The result of my beer brew kit purchasing binge after gaining confidence from my initial starter kit.
Two and a half years ago, my friend Brandon got me hooked (by accident I might add) on Mango Magnifico (a craft beer which was ONLY made 1 season & never to be found again – trust me, I’ve tried). By the way, Mango Magnifico had 10% alcohol & a strong kick of habanero to it. After much talking about trying to recreate it, my wife bought me a kit for my birthday soon thereafter — perhaps a mistake on her part as you can see from all the pics. I’m not going to try to provide a step by step guide, because a blog post could never do it justice. There are just too many steps & considerations — that’s what the books are for (mentioned below). Home-brewed beer just tastes better. If you have a bit of patience and a DIY attitude, then you’ll most likely find home-brewing to be your next hobby.
To date, I’ve brewed 3 times. I still have excess yeast sediment in the bottles (which in large quantities can cause intestinal disturbances) & I haven’t been able to come close to the taste of Magnifico, but I’ve matched the alcohol content & exceeded its hotness. I must admit, my beer is pretty good as the few people I’ve shared it with have asked me when they can get more.
Gear in the picture is listed here:
- Star San
- 7 Gal Brew Pot
- Brew Thermometer
- Wort Chiller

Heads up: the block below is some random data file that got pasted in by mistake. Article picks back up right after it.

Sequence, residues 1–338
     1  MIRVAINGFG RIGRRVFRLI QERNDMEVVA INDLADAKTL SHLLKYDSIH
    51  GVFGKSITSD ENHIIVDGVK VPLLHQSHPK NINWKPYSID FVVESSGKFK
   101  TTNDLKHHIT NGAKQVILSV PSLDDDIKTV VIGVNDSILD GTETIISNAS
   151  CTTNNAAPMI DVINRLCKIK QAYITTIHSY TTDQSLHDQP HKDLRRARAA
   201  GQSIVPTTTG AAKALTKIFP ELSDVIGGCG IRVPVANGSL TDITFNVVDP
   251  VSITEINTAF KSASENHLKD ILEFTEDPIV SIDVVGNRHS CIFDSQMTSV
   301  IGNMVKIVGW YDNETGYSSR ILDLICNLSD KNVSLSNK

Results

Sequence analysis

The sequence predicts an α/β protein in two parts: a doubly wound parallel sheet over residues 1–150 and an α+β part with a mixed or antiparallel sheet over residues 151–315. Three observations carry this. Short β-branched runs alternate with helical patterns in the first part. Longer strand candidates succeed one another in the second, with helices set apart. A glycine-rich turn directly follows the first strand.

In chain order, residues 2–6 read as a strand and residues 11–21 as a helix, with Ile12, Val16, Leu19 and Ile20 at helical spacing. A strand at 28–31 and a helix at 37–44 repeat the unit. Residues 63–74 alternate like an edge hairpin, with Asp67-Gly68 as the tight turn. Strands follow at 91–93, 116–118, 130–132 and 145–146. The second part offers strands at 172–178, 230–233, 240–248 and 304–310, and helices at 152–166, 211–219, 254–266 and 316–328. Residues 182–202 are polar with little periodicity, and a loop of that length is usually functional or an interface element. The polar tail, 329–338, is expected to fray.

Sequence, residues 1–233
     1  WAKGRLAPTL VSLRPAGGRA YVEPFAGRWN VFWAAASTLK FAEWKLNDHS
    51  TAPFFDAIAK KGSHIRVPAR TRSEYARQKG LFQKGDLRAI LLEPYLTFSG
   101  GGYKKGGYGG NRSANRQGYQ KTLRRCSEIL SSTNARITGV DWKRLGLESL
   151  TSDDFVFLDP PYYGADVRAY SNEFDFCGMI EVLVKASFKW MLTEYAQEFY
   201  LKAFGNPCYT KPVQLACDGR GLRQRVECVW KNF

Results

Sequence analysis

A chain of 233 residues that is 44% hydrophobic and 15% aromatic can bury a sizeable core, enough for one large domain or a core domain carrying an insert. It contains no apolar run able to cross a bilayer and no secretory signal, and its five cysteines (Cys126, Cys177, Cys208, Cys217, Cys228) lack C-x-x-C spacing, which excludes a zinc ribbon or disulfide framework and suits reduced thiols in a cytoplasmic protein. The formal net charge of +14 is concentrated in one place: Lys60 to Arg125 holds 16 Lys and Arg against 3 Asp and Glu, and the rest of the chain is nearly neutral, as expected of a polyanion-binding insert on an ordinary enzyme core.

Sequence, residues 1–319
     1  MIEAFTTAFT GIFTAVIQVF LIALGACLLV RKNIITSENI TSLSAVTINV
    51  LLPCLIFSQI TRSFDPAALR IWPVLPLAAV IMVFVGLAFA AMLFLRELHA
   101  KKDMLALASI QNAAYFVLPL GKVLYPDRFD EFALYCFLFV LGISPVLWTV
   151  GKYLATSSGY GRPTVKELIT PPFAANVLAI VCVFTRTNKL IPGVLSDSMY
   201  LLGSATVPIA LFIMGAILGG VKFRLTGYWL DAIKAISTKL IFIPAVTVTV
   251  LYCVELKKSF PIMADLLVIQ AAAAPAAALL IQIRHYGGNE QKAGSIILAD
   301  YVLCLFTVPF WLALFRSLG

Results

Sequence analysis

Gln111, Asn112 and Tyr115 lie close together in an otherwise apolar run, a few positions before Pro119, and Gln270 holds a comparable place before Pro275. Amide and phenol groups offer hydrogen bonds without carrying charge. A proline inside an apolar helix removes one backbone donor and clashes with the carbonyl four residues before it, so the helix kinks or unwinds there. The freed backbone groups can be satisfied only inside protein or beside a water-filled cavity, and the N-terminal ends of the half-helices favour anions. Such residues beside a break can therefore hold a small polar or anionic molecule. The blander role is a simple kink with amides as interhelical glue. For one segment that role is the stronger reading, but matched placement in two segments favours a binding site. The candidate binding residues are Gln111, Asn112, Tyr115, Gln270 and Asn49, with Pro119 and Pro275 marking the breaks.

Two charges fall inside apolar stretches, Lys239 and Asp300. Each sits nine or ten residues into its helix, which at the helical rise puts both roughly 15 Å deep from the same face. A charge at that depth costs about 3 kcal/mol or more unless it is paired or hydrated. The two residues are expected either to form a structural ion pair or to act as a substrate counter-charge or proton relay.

- 21″ Stir Spoon
- 7 Gal Carboy
- Carboy Nylon Strap
- Carboy Handle
- Carboy Airlock
- Racking Cane & Auto Siphon
- Stick On Thermometer
- 22 oz Bottles & 16 oz Bottles
- Bottle Tree
- Strainer Bucket
- Heating Pad & Dimmer (to control the amount of heat)
- 14″ Plastic Hydrometer Test Tube (not pictured)
- Specific ingredients are from Adventures in Homebrewing. I’ve tried only a few stores, but these guys have a high attention to detail. I don’t foresee changing anytime soon.
Using a beer kit is the way to get started, as I don’t recommend going all out until you get comfortable with all the gear and steps. I referenced 2 books (Sustainable Homebrewing & The Brewmaster’s Bible) before & throughout the process which tremendously helped as a guide. You can either write out your recipes manually, or in my case, use iBrewMaster to help design them & keep you on track during the brew. Below is an in-progress pic of my first non-kit brew.
I intend to buy a propane burner soon as brewing on the stove takes way too long to achieve a boil with 7 gallons. Besides running my stove-top at max for hours which can be damaging, it really heats up the house and raises the humidity quite a bit. After all the hard work of actually doing “the cook” and cooling the wort, it’s transferred to the fermenter (a carboy in my case). As you can see from the GIF, the yeast is consuming the sugar quite vigorously. This is where the patience comes in as the yeast takes a couple of days to whip itself into a frenzy & settles down only after a couple more days, but you’ll still have to wait 2-4 weeks before bottling the beer, & yet a few more weeks for it to age. Hopefully this was a good quick overview to peak your interest. Cheers!
Bottling complete & beer aging in my basement.